NOT everyone outside of Melbourne (or even in Melbourne) would know where the upwardly mobile local band Skipping Girl Vinegar got its name. The five-piece outfit’s latest single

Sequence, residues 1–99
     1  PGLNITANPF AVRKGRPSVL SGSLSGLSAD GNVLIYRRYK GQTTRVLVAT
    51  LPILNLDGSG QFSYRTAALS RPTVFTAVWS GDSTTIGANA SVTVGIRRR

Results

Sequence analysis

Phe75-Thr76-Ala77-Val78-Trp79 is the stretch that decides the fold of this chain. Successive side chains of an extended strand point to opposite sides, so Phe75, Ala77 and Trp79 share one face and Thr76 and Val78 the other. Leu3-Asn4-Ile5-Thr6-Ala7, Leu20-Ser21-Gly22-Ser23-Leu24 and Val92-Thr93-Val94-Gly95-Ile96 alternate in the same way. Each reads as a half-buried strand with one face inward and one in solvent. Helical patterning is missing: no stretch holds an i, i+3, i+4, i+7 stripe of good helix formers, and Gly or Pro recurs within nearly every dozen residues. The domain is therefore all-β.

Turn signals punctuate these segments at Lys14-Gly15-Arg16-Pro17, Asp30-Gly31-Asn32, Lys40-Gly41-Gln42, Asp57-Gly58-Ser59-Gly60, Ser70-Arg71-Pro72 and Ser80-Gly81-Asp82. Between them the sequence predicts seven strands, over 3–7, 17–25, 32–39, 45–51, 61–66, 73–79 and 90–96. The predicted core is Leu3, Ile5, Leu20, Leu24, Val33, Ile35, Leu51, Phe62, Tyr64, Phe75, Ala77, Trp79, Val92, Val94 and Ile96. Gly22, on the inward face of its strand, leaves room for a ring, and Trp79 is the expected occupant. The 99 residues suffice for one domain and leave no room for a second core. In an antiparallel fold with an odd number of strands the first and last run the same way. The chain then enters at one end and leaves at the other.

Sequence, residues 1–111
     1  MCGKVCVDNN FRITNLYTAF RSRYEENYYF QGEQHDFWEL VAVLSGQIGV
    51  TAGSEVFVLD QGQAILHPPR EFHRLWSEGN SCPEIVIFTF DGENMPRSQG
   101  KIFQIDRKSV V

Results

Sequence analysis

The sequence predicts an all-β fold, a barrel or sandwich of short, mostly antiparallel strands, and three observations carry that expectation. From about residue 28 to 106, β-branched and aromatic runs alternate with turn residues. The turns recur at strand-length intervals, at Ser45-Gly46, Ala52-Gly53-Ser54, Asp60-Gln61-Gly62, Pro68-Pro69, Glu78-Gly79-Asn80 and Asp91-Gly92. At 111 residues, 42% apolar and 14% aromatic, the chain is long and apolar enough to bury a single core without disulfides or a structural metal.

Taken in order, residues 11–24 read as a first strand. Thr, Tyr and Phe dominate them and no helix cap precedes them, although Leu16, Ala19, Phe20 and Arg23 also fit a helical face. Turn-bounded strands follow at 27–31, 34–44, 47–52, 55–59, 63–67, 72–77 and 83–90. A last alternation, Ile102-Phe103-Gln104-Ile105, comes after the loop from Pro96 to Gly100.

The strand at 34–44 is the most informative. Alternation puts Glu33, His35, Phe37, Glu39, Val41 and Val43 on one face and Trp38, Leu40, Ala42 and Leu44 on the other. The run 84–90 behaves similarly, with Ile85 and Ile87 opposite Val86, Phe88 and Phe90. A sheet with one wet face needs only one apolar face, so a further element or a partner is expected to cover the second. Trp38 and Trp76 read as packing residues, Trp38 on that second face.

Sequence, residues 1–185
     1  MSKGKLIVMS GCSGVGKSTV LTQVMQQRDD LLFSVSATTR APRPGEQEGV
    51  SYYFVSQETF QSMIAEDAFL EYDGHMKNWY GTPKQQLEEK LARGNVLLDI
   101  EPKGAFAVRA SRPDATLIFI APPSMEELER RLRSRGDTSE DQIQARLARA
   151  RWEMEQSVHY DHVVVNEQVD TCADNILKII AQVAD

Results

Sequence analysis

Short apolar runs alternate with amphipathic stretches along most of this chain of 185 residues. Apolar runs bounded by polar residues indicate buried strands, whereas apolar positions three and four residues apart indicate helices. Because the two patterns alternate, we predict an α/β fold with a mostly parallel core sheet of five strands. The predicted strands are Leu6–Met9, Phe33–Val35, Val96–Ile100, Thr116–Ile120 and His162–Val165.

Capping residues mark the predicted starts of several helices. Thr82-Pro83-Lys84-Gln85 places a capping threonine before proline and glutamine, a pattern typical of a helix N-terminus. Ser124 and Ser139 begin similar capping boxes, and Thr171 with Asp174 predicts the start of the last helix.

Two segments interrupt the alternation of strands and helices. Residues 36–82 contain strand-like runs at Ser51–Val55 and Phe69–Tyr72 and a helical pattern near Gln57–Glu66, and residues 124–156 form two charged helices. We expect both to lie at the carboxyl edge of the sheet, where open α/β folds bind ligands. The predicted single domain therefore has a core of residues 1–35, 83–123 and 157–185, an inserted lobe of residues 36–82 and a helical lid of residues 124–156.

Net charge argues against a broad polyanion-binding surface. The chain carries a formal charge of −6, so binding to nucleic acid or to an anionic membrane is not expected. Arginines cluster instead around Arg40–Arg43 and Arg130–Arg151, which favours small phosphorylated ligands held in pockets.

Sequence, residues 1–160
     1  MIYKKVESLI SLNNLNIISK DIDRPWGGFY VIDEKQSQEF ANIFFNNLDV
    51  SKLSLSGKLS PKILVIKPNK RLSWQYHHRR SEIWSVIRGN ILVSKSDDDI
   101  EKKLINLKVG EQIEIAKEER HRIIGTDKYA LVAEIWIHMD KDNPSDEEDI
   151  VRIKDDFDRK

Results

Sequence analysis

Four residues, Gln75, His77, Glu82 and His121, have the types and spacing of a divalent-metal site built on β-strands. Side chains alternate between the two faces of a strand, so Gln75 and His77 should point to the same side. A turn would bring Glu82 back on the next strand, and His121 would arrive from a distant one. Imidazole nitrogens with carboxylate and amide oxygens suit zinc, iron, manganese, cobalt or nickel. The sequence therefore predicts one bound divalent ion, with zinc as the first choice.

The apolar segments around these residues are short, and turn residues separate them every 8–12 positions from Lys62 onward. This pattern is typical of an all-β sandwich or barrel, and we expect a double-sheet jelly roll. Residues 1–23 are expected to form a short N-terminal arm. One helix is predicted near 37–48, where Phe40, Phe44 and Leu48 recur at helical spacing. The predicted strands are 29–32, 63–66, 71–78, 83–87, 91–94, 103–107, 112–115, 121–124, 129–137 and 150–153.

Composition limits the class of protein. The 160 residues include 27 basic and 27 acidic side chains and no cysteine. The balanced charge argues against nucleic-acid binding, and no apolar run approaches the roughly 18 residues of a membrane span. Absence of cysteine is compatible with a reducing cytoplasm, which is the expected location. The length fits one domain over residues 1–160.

recorded in Nashville during a US tour last year, has been enjoying regular airplay in recent weeks and has come in conjunction with the band’s well-received performances on the main stage at this year’s bluesfest in Byron Bay. Next Saturday, May 11, the group, led by songwriter Mark Lang, will help promote their latest song and pay tribute to their name’s origins by playing on the roof of a building in the Melbourne suburb of Abbotsford. That’s adjacent to where Little Audrey, the skipping girl, is positioned. She’s Australia’s first animated neon sign and first advertised the Skipping Girl brand of vinegar in 1936. Although the sign has come and gone through the years it remains a cultural landmark and has stood tall and proud since being taken down for repairs and remounted in 2009. The band is paying tribute to its name with two performances on the nearby rooftop, with the sign and the Melbourne skyline as a backdrop. The shows will be recorded for release later this year. IT’S 10 years since iTunes changed the musicbuying landscape and there has been much debate about what direction the industry will take in the next few years as streaming and other digital media services scramble for a slice of the iTunes action. It is astonishing, however, to note that since launching in April 2003, iTunes has sold 25 billion songs and that it has 35 million songs in its catalogue, which are available in 119 countries. AS mentioned last week, the music industry has lost great talents Chrissy Amphlett and Richie Havens, but a few more tragic losses were made public after Spin Doctor went to press last week. One was country legend George Jones, whose catalogue as a songwriter and performer was unparalleled. Less well-known but an equally revered musician, however, was Bob Brozman. The 59-year-old American roots performer, who died on April 23, was a regular visitor to Australia, touring and appearing at festivals such as the bluesfest in Byron Bay and conducting workshops to explain and share his extraordinary guitar technique and his gifts as an interpreter of myriad musical styles. Our own roots music troubadours John Butler and Jeff Lang were among those to pay tribute to Brozman and his skills. ‘‘Bob was the perfect example of the consummate student,’’ said Butler; ‘‘avid adventurer and nutty professor with a PhD in ‘blow your mind’. He had an insatiable appetite for music and rhythms of all sorts and wove them into a unique voice that was all his own. He pushed the boundaries of guitar virtuosity and made us all laugh with his quirky view of life and the world. He was an amazing encyclopedia of world music knowledge and his passion, vitality, wisdom and spirit will be sorely missed.’’ Lang was equally complimentary. ‘‘To play alongside Bob was to learn new things every time,’’ he said, ‘‘because he was so curious, such a sonic innovator, so adventurous, so fearless and so plain interested in what music could convey, not to mention what a peerless master of his instrument he was. It was a privilege and my experiences making music with him are something I will always treasure.’’ BRITISH singing sensation Adele turns 25 tomorrow.